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A "missing episode" is generally considered to be a televised episode of Doctor Who which no longer exists in its entirety. It is distinct from an episode which was never made, such as those which would have comprised the original season 23, as well as from an episode which was partly produced but ultimately unfinished, i.e. the 1980 version of Shada.


Phillip Morris on recovering missing Doctor Who - Doctor Who

Philip Morris talks about the 2013 return of The Enemy of the World and The Web of Fear

Technically, all 1960s episodes of Doctor Who are missing, in that the original videotape masters were definitively lost. However, thanks to filmed copies of the masters, many of these episodes are still available for fans to view.

In a practical sense, then, a "missing episode" is one without either an extant videotape master or a filmed or digital duplicate. As of January 2022, there are 97 episodes missing from the BBC Archives. However, in April 2020, Philip Morris indicated that of these 97, "at least six episodes – missing episodes – exist, to my [his] knowledge, in the hands of private collectors". [1]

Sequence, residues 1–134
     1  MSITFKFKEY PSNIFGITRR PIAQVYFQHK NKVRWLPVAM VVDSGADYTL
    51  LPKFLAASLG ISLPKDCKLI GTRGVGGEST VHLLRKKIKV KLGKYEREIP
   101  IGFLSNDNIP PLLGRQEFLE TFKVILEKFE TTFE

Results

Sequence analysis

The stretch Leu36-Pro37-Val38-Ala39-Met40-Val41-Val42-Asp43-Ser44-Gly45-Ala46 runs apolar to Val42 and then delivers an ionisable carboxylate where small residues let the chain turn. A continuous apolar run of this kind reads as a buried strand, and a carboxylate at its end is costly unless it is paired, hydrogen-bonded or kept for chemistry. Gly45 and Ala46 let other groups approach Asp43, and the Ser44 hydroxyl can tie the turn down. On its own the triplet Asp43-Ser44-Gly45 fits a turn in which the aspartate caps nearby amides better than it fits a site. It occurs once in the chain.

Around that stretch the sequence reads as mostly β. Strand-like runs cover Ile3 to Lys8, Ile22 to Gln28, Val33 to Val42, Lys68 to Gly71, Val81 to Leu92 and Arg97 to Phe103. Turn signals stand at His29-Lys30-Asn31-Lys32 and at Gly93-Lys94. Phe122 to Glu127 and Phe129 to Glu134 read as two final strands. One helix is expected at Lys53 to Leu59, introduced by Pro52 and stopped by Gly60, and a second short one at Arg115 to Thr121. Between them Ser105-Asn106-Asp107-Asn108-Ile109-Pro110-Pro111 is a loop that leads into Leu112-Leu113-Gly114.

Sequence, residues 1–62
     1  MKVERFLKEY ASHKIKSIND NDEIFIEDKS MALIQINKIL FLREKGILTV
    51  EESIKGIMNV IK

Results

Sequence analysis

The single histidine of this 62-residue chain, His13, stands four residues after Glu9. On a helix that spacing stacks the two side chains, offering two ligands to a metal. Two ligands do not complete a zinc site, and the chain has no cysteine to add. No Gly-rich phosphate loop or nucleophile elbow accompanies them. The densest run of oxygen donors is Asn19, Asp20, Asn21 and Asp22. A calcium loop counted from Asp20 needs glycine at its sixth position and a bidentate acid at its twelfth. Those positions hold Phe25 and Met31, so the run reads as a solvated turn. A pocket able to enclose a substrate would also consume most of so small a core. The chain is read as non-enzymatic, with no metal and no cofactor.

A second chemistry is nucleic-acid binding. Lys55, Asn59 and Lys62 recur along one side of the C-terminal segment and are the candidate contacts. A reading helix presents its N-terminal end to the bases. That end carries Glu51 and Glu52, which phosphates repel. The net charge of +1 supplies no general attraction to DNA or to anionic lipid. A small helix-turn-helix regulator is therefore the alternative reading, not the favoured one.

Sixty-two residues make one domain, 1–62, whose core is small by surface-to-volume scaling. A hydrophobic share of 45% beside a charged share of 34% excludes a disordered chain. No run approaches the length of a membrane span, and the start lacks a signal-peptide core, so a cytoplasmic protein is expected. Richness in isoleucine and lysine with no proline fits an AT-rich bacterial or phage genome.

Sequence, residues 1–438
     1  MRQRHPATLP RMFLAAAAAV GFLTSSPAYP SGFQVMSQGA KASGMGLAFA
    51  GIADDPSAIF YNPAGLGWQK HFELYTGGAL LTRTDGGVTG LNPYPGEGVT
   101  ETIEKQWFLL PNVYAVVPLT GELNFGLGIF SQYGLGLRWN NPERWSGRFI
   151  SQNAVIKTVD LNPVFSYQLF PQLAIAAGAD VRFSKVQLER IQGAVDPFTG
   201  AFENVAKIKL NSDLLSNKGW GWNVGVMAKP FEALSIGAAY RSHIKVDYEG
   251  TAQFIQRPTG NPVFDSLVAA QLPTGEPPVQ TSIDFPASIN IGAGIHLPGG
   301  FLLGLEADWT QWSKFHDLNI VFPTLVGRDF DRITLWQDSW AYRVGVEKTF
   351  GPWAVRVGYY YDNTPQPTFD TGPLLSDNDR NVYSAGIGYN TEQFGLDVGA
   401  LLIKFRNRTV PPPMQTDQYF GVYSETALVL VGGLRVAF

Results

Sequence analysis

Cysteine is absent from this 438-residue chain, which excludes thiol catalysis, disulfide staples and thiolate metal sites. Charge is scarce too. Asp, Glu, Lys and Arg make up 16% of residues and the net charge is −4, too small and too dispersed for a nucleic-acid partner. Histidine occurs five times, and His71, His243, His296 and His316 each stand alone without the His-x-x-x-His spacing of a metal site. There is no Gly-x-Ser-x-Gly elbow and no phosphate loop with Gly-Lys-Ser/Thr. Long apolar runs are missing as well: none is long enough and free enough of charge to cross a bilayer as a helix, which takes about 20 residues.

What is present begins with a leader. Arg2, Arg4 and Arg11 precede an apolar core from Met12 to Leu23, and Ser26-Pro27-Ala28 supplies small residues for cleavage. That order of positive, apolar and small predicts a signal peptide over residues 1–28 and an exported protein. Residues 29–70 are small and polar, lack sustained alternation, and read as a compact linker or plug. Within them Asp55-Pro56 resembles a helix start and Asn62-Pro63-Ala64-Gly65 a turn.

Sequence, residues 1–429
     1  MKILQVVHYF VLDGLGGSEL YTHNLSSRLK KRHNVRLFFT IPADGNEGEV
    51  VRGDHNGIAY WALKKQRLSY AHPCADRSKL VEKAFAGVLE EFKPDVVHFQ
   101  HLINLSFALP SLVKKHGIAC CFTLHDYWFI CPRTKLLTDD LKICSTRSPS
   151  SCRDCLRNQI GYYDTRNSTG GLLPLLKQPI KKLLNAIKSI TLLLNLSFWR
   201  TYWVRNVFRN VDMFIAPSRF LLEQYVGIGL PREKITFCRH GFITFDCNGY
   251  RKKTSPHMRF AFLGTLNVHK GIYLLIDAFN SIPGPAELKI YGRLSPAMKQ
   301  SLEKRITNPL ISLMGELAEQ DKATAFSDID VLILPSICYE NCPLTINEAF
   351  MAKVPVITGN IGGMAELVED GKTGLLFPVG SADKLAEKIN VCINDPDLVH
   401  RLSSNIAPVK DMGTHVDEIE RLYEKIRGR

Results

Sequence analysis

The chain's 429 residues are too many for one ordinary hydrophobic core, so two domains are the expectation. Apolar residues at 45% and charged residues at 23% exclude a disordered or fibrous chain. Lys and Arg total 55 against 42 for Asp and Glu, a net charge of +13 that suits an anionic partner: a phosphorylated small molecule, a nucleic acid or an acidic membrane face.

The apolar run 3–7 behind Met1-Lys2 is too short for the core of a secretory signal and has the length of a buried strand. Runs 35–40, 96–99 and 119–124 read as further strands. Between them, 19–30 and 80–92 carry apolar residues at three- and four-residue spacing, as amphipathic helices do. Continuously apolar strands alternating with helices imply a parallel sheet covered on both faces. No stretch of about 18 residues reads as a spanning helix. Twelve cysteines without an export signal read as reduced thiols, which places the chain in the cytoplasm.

BFI screen long missing Doctor Who episodes

Ed Stradling talks about missing episodes around the time of the Underwater Menace find in 2011

Though these missing episodes no longer exist in their entirety, several remnants exist for fans to sample. Clips — sometimes bits excised to comply with a network's editorial policies, sometimes bits included as teasers on other programmes — exist from many of the missing episodes. In a few rare instances, these clips are drawn from the original masters. Tele-snaps, off-screen photographs taken by John Cura of the performance as it was being videotaped or filmed, also exist of most missing episodes. There are also instances, perhaps most notably with The Smugglers, where home video recordings of the actors in rehearsal on location at least give a flavour of what the characters might have looked like in costume.

By far the most common way for fans to enjoy missing episodes, however, is through audio. Complete audio tracks of all episodes exist, thanks to off-air recordings made by fans in the 1960s. The soundtracks for the missing episodes have all been released with linking narration by the BBC Radio Collection. Scripts and novelisations of these episodes also help to keep them accessible. The surviving soundtracks were also used for animated reconstructions.